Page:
It might not be the carbimazole causing the hair loss. When your thyroid levels are too high or too low that can cause hair loss. I know this because I have lost 50% of my hair twice now and it wasn't caused by taking carbimazole or in my case PTU. Just to add once your levels are right for you your hair will grow back. Mine has been growing back now for about 8 months and I was able to have my hair extensions removed because I no longer needed them. Some thyroid disease sufferers do not grow their hair back because they have either been suffering for a long time and haven't been given the right treatment or they have another autoimmune disease as well. This is what I have learned from joining sites in the US and here in the UK. Elaine Moore's site helped me a lot in getting diagnosed when I had been ignored by Doctors for over 2 years.
The side effect states categorically hair loss the reason for this is because Endo gives a high dosage of carbi. It needs fine tuning to lower carbimazole so often to have regular blood tests. My Endo instead of waiting for me to have the ultrasound scan first he decided to put me on 10mg carbimazole, my response to this is why! the objective was to have the ultrasound scan we take it from there.
If I were to start the carbimazole it will be 2.5 mg and no more have blood tests and review it myself. Endo's dish out tablets at a very high dosage, my thinking is start lower and if necessary gradually increase by small amount until the right dosage is found for thyroid patients.
I took PTU because Carbimazole gave me a rash. I did not lose more hair when I took it.
Just to add I did lose hair when my stupid Endocrinologist let my TSH get to 9 because he wasn't monitoring me properly.
This is the issue with the Endocrinologist they do not monitor people properly I feel I need to look after myself of course I will see the Endo however I go by what my body is telling me how I feel
I have this so called Graves for at least 3 years now
In Greece it was diagnosed Thyroiditis
The previous Endo said it was Graves Disease the first ultrasound scan suggested Hashimoto and the latest Endo is saying I have hyperthyroidism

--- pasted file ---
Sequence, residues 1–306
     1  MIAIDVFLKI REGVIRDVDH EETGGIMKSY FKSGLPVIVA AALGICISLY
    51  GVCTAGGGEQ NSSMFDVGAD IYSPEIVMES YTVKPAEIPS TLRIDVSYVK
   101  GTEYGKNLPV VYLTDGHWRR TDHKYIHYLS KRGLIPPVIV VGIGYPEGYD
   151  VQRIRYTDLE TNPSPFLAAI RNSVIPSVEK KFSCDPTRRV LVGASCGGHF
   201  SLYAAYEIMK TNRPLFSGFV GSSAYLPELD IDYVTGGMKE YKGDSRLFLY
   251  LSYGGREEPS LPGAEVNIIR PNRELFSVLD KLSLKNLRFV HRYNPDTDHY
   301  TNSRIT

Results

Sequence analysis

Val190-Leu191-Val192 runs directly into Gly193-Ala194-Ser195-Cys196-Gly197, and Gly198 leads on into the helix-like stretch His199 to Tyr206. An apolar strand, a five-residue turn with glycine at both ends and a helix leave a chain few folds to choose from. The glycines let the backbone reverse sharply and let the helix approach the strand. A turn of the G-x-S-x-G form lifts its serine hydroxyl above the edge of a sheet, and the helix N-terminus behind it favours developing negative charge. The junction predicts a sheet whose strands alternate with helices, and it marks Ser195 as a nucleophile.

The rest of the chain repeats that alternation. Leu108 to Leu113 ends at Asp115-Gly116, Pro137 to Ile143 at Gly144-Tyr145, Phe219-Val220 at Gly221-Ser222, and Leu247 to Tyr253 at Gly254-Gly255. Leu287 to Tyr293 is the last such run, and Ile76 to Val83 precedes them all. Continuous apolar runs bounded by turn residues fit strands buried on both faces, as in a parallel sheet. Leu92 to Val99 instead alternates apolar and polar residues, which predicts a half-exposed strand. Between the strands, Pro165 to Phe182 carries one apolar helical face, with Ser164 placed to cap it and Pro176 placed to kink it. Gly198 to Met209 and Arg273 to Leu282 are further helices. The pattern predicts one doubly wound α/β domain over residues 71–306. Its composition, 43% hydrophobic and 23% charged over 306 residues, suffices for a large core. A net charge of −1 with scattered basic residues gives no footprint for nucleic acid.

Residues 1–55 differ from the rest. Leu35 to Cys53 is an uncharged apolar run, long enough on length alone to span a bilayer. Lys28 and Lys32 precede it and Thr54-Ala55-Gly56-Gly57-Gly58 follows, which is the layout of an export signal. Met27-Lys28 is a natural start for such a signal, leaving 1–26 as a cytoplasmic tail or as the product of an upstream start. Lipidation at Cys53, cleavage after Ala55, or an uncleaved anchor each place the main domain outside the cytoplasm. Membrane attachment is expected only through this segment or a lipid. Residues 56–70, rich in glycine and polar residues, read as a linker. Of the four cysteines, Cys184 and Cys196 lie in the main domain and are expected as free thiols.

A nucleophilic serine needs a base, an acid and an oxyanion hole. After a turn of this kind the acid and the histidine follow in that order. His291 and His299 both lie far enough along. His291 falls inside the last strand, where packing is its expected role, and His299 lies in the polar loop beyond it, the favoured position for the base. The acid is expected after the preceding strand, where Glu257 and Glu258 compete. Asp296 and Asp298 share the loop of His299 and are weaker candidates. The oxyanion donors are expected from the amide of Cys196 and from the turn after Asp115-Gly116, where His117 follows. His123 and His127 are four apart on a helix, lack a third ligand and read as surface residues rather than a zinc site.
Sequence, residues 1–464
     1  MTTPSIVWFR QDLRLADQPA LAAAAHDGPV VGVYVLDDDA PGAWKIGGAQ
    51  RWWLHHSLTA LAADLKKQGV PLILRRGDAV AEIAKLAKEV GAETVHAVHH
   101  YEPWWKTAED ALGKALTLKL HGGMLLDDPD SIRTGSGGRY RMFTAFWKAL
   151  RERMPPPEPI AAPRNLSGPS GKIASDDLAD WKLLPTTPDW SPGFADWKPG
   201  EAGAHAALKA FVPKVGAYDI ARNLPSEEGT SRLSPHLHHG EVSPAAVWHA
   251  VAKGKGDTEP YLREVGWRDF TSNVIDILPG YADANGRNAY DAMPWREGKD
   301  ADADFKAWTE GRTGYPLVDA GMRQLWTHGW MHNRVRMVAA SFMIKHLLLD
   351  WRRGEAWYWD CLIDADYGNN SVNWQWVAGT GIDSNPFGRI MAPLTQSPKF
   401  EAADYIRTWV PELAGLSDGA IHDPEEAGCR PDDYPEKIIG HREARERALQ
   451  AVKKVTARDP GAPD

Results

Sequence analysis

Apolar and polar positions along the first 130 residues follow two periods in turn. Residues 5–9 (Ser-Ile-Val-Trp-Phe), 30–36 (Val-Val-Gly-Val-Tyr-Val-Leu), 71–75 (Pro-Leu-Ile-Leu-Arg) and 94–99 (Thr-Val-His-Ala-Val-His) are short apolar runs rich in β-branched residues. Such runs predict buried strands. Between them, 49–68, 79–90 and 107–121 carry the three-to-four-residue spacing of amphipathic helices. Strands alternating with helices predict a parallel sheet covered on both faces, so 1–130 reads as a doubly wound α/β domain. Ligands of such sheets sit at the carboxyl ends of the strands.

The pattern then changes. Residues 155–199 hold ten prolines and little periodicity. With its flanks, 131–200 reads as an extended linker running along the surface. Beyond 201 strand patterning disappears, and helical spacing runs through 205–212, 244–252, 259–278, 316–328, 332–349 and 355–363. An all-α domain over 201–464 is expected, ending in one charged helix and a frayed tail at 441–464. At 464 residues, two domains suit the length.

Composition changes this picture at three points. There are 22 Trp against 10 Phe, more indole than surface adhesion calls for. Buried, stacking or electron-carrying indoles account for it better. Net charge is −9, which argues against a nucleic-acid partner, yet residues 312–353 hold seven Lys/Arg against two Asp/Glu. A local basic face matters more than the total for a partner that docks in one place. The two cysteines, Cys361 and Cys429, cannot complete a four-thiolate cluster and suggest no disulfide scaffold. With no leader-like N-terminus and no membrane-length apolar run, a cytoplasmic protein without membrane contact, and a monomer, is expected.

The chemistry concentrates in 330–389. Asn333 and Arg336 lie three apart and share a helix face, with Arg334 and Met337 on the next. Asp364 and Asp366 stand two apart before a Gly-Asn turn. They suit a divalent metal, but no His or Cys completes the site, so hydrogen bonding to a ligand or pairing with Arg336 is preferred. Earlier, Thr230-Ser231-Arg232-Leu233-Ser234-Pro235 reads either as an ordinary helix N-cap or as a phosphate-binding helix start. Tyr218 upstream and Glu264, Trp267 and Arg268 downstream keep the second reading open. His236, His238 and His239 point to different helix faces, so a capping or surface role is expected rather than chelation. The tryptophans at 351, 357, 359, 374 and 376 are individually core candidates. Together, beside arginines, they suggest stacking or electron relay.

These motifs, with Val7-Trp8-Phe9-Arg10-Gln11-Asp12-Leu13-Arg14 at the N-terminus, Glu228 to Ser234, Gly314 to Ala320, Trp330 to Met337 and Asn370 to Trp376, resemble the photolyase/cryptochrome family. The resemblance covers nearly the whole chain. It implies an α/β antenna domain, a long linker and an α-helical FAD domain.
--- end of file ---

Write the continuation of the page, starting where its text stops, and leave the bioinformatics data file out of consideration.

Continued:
I wasn’t treated for a very long time - I was so ill by the time I found a doctor who recognised my symptoms as soon as she saw me and kept into action to get me sorted out.
I was told that I lost hair because I went from being below the reference range for TSH to 7 - a colossal jump. I was fortunate enough to see my senior consultant rather than one of her sidekicks and she said it was because there had been such a huge jump in my TSH that my body was on a roller coaster and that it would settle down.
Sure enough it did - thank goodness because it drove me round the bend. Believe it or not I used to photograph all the hair in the bottom of the bath when I washed it and I even got to the stage where I kept the fall out from each wash in little bank bags! Ready to show the next person who said ‘but you’ve got lovely thick hair’.
I knew that it wasn’t because when I washed it and squeezed the water out my previously thick chunk of hair was as thin as a pencil.
What I did end up with and which is amazing was that I went completely silver right across my hairline all the way round forehead, beside my ears and my neck. When I brush my hair back it is silver and when I let It fall forward it is dark again. When I put it in a French pleat I get lovely silver stripes so that has been a lasting gift from Graves.
Don’t be scared of carbimazole. I actually felt really well on it and if I relapse that’s what I’m going to insist on.
I lost hair for a while - a general shedding when I brushed or washed it. That drove me wild but the reason was that I had become very hypo After taking a huge (40mcg) amount of carb for three months without a blood test so that I went from a TSH of below 0.03 which is below the lab reference range to 7 .0 which my endo described as my body ‘being on a roller coaster ride.’